Indian doctors strike to save “modern medicine” from a risky fusion with alternative medicine

Image: REUTERS/Amit Dave
We may earn a commission from links on this page.

Doctors in India have become the latest group to protest against the Narendra Modi government’s policies.

The Indian Medical Association (IMA), an apex body of doctors in India, has called for a nationwide strike today (Dec. 11) to express its opposition of the government’s decision to allow Ayurvedic practitioners to perform medical surgeries. “We stood up for India, lost 700 doctors to Covid. Your turn now to save modern medicine from mixopathy,” a newspaper ad by the IMA said.

What is “mixopathy”? It’s a term the protesting doctors have coined by combining the word “mix” and the suffix “pathy,” or disease. The meaning of mixopathy, as used by the doctors, is a critical way to refer to what they see as an effort to integrate different kinds of alternative medicine systems, like homeopathy and Ayurveda, with modern medical science. The Indian Medical Association is arguing that Ayurveda practitioners shouldn’t be allowed to carry out complicated surgeries that take years to learn.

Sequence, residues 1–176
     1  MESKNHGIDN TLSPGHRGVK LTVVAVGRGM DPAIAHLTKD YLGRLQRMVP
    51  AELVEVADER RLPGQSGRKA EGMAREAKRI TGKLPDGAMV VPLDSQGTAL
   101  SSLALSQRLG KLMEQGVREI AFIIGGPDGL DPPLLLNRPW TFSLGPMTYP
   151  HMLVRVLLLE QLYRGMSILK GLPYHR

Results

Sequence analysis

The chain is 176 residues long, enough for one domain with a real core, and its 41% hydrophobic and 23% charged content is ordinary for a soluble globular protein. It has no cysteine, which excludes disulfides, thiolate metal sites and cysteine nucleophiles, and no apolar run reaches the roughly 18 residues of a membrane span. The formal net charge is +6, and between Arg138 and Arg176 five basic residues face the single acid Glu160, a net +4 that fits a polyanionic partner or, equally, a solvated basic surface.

Ayurveda is a traditional system of medicine that uses a combination of diet, herbal treatment, and yogic breathing to treat illnesses. In November, the Modi government had issued a notification which authorised post-graduate practitioners in specified streams of Ayurveda to be trained to perform surgical procedures. As per the notification, Ayurvedic doctors are now allowed to perform complicated surgery such as excisions of benign tumours, amputation of gangrene, and nasal among others.

The IMA, in its 12-hour strike today, will withdraw all non-essential and non-Covid services between 6am and 6pm. Emergency services, including casualty, labour rooms, intensive care units and emergency surgeries, will be exempt from the strike.

In November, the IMA had asked its members and the medical fraternity not to teach disciplines of modern medicine to students of other systems.